- “Expectation” – Understand what customers expect from you and what you can realistically deliver.
- “Emotion” – Anticipate your customers’ feelings and design your services accordingly.
- “Elegance” – Provide “clean” and “simple” goods or services.
- “Engagement” – Communicate with your customers so you know what they want and expect. Find ways to engage your customers – to have them become active participants with you in the creation and delivery of service.
- “Execution” – Always deliver on your promises.
- “Engineering” – Provide products or services that exemplify technical excellence.
- “Economics” – Set prices that give customers real value and provide the desired profit.
- “Experimentation” – Innovate by testing new things and following the best results.
- “Equivalence” – Your customers are happy with you and you are happy, too.
Use these 10 elements to create your “SD2 report card” and give yourself a score. Rate your company according to each factor. Use a zero-to-four scale, with zero meaning “We don’t do this at all” and four meaning “We’re world class.” Use this report card as a baseline for upgrading your SD2 performance.
The Five Principles of SD2
The five SD2 principles are “rooted in good business and management practices.” They are:
- Identify, Pursue, and Serve Your “Right Customers”
Determine which customers are best for your brand and focus on them. Once you identify the right customers for your offerings, design your services to be right for them. This strategic targeting refines your brand to be as perfect as possible for your ideal customers. This means you won’t spend time, money or resources on customers who don’t make sense for you. Focus on “your most valuable customers”: loyalists who spend the maximum amounts on their transactions and regularly give you a significant share of their purchasing power. Proper targeting requires disregarding clients who aren’t right for you. Don’t pursue or retain demanding, difficult clients.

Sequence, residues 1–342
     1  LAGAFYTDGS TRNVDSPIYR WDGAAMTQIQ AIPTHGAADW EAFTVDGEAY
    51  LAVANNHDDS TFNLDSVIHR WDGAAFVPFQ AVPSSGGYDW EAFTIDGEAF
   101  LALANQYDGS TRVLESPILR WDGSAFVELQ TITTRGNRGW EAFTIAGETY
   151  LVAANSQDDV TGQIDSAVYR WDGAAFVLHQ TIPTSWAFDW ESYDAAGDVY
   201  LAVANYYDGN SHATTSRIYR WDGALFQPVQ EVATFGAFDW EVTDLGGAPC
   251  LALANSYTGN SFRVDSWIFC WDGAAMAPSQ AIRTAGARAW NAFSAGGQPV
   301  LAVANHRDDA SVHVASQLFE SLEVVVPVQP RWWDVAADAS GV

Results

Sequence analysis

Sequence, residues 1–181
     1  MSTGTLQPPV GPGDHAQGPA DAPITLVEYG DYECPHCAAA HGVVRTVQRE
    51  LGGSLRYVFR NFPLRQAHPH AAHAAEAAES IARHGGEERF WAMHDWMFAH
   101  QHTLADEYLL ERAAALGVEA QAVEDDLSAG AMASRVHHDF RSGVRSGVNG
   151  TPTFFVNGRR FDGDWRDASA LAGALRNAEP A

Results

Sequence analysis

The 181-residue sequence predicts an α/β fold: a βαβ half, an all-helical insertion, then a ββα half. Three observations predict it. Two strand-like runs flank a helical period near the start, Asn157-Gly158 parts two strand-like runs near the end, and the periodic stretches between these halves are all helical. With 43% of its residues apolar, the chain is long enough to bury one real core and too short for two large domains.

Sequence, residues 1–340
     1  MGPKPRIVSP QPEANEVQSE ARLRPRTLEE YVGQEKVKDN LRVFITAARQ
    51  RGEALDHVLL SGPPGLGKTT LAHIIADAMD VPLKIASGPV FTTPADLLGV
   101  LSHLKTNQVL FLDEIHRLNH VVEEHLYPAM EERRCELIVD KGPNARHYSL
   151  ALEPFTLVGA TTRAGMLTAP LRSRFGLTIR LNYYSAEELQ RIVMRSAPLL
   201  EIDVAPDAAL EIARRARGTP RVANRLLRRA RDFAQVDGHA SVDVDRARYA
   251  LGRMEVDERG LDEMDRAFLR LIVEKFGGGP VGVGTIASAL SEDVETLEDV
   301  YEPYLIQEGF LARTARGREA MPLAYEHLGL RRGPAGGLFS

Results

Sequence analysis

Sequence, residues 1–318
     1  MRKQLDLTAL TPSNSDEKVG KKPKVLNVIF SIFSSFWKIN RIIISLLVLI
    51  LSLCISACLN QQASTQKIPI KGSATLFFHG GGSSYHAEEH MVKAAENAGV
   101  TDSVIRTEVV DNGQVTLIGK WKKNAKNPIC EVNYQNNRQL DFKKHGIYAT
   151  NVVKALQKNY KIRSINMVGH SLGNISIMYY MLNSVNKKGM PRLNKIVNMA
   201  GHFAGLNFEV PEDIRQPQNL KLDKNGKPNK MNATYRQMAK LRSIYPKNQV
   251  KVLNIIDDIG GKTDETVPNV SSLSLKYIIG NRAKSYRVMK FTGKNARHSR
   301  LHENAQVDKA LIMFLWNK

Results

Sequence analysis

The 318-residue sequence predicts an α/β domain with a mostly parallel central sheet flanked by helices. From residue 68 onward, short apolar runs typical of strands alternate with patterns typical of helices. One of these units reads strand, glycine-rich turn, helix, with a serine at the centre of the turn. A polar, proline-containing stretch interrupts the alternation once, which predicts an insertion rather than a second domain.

- Customers Want to Be Delighted
“Don’t surprise and delight your customers – just delight them.” They want your product or service to be reliable and excellent. Meet their expectations with no guesses or surprises by providing an overall satisfying experience. Define the delight you deliver to customers on “your own terms.” Delight represents your customers’ experiences (how good were they?) multiplied by your “technical excellence” (how well did you deliver them?). Ensure that customers know what to expect as they move from one touch-point to another. Such delight will “woo, wow, and win” customers.
- Make It Easy for Staff to Deliver Great Service and for Clients to Work with You
Your service design program should be “efficient, effective, scalable and, if not error-proof, error-resistant.” Your goal is for your employees to deliver excellent customer experiences with minimal effort. Just as important is the acknowledgement that your customers should not have to waste their time and effort. Customers should be able to experience your products or services just as easily. Your clients become co-creators of a shared experience as you become expert at delighting them by delivering what they want without wasting their time or money – or yours.